Signs of digital transformation maturity
Those companies that reach the maturity stage of digital transformation are clearly mastering the four capabilities mentioned above — although, more typically, companies may thrive in one area but still struggle in another. “Addressing those gaps is the first place to start,” says Wolf, adding that each of the four capabilities may have 8-10 individual best practices that organizations can work to check off. “There are a series of metrics underneath all of these that you can begin to measure against,” he says. “For example, if you say you use Agile approaches, do you organize your team and infrastructure in an agile, collaborative way? Do you take advantage of devops and other automation, integrations and business processes to deliver at velocity?”
According to the Enterprise Digital Divide study, most executives consider their organizations to be somewhere in the middle of the journey when it comes to digital implementations. At this time, one in five see their enterprises as “high-performing” in digital, meaning their initiatives are bearing substantial results to the business.
Organizations tend to struggle most with the beginning of the digital transformation funnel — that is, developing a human-centered, design thinking approach. “It’s not traditionally how organizations solve problems,” Wolf says. “It’s not a capability that most have, but it is becoming more and more paramount.”
Without the foundation of an innovation approach that starts with people, agile and continuous improvement efforts tend to be less valuable, he explains. “Many IT organizations really embrace Agile approaches, but without proof that you have the right solutions to the problem, its value tends to be decreased,” he says.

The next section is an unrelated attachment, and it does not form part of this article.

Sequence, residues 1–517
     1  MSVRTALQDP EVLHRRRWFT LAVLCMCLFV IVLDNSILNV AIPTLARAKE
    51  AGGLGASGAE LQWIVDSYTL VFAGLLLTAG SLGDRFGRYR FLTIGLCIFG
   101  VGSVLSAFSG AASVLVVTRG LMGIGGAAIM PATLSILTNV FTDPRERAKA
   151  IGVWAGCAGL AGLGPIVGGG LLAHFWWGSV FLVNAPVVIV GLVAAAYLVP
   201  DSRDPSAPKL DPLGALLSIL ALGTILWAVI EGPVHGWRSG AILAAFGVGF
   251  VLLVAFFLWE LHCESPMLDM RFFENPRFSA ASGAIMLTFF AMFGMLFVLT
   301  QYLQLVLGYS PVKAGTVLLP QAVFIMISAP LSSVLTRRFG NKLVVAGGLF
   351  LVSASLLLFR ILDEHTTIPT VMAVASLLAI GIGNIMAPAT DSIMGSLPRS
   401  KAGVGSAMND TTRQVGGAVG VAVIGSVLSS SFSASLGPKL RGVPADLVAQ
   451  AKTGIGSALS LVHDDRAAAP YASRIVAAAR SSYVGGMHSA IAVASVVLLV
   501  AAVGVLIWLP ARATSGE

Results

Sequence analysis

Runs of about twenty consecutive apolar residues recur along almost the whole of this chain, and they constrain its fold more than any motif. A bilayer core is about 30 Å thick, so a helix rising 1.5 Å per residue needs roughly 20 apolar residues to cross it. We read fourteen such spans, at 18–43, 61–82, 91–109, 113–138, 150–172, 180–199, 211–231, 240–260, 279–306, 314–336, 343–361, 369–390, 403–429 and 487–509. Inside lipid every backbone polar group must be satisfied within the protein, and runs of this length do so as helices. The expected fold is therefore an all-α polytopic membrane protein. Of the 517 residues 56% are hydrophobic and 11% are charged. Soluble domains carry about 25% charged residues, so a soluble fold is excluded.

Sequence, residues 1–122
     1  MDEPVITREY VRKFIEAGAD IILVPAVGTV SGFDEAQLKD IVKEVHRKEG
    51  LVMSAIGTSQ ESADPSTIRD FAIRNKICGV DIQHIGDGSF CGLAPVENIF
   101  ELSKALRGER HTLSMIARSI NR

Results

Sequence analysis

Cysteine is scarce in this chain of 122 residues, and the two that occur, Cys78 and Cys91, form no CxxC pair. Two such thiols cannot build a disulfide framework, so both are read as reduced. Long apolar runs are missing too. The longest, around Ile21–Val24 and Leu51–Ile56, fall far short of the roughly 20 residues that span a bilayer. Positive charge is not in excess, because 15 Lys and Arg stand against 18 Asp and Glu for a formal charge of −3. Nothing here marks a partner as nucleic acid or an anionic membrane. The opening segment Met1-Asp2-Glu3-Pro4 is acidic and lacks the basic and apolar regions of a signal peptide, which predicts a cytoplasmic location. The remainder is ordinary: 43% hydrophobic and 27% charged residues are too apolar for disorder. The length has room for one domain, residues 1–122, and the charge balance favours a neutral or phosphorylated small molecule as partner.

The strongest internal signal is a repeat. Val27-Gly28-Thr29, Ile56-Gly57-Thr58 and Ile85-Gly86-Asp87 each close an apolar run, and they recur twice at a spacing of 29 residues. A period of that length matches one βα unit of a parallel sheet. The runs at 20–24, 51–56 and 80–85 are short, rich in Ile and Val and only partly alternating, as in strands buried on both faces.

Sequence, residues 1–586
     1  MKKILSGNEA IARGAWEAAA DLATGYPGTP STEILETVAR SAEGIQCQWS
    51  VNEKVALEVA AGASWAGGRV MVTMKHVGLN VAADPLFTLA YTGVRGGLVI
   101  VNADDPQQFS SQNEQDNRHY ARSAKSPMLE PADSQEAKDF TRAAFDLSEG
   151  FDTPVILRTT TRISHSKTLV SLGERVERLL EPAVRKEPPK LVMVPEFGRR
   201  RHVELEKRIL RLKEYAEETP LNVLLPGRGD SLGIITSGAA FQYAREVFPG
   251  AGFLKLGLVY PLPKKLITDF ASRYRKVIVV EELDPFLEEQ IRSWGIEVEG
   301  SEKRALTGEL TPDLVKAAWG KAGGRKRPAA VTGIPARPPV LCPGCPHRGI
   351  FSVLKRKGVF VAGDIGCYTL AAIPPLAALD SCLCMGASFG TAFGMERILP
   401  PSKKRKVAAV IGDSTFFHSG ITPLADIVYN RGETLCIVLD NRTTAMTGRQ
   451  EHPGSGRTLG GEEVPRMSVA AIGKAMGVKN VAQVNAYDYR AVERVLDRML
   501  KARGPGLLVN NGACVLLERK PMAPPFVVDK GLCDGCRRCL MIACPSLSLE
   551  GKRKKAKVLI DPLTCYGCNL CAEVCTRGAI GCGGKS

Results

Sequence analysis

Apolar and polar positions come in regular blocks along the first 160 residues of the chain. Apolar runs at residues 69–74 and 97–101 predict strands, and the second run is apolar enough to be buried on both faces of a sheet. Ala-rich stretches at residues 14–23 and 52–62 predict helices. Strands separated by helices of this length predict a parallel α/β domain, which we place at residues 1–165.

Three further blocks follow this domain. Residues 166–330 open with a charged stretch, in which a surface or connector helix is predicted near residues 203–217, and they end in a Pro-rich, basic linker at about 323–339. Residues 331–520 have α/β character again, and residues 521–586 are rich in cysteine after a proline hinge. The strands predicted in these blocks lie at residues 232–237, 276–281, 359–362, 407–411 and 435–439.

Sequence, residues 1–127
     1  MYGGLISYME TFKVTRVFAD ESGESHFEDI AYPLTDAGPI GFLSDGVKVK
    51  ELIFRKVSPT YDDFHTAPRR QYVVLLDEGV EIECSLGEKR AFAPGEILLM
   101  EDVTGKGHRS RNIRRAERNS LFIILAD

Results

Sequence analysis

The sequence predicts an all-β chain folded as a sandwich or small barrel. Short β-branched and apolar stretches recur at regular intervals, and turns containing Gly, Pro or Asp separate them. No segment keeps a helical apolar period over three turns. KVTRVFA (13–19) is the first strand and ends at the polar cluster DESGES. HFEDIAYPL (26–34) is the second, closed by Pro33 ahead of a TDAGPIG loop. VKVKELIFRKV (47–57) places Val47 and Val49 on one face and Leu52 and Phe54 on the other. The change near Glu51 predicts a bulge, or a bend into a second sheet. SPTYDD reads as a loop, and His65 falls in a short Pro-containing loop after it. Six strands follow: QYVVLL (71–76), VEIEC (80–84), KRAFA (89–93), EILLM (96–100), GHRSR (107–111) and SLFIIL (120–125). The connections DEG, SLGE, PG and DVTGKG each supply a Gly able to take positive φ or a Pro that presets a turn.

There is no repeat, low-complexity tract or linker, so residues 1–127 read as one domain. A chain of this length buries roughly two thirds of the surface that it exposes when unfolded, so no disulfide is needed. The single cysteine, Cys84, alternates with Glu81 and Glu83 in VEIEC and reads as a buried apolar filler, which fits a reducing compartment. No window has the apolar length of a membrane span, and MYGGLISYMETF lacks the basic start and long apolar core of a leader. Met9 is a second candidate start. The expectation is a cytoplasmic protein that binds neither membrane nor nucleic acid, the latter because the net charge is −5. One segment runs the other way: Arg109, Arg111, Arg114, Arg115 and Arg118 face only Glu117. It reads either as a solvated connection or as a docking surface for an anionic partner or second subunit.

To thrive in the digital world, CIOs need to do three things, says Wolf: They need to think big, start small and act quickly. “The IT organization needs to be ready to brainstorm and come up with new ideas, but then in the end it may mean delivering a smaller version of that idea in order to try it out and see how it works,” he says. “Then, the organization needs to take advantage of approaches to deliver quickly beyond Agile — that is, making sure you can overcome governance models that delay efforts to push new releases out, as well as develop automated options that still take security and auditability into account.”
Fundamental digital shifts are here to stay
The fundamental shifts of digital transformation are here to stay, says Wolf, such as the dizzying pace of technological change and rising customer expectations. The companies that can take advantage of these technologies are able to create and pivot business models faster than ever, says Wolf, allowing them to solve problems, adapt and change quickly — which leads to breaking away from the pack and leaving competitors in the dust.
“The bottom line is, companies that don’t bridge this digital gap, won’t thrive in a world with these new expectations,” he explains. “Staying on the right side of the digital divide will help you be an adaptive business where you can react to changing market dynamics. That’s the value — it allows you to continue to delight users.”